& character, you can run a command in the background in a subshell. When you put a command into the background, you can get on with other stuff while the command is doing its thing.
A subshell is a copy of your current shell that runs your background command. You can think of it as a mini-shell that runs your background command and then terminates.
Here’s an example:
$ sleep 1000 &
This example will run the
sleep command in the background for 1,000 seconds, and then exit.
Not sure if your command is still running? You can use the
jobs command to see what’s running in the background:
$ jobs + Running sleep 1000 &
Bring a job to the foreground and then to the background again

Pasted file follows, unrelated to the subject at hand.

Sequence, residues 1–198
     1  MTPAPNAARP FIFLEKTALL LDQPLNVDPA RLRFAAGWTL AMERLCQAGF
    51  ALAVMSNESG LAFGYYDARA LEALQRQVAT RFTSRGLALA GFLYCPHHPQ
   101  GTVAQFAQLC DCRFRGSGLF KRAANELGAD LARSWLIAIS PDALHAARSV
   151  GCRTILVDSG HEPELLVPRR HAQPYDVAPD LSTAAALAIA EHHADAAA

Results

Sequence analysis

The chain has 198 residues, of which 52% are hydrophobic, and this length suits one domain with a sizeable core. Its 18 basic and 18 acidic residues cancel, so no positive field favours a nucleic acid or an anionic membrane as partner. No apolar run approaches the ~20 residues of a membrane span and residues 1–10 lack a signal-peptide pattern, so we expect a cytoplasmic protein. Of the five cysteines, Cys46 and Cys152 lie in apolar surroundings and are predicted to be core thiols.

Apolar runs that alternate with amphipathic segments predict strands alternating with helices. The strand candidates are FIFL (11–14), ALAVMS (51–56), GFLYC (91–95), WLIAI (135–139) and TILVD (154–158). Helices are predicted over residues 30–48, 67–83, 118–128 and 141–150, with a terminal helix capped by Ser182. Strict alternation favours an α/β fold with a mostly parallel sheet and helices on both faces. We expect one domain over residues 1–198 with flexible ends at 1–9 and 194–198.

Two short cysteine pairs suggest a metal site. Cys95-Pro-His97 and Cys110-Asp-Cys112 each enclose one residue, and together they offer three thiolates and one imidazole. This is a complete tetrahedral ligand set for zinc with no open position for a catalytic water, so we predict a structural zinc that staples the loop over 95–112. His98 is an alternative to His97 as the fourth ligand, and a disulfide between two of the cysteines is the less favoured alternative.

What if you want to bring a background job into the foreground – so you can see what it’s doing – and then put it back into the background? No problem, this is pretty common! Here’s how it’s done:
Run the program: Run your program, adding
&to run it in the background.
Bring it to the foreground: Type
fg, to bring the job back into the foreground. When the job is in the foreground, you’ll see its output in your terminal.
Suspend the program: Now you can can press
Ctrl+Zto suspend the command. (During this time, the command isn’t really running, it’s paused. ⏸️)
Background the program: Finally, type
bgto put the job back into the background.
Here’s what it looks like:
# start sleep in the background $ sleep 1000 &  12345 # bring it to the foreground $ fg sleep 1000 # sleep is now running in the foreground, press Ctrl+Z to suspend it ^Z + Stopped sleep 1000 $ # sleep is now suspended, type bg to put it back into the background $ bg + sleep 1000 &
🔵 PROPER NAME IN LINUX: Asynchronous commands or background jobs. To learn more, type
man sh, press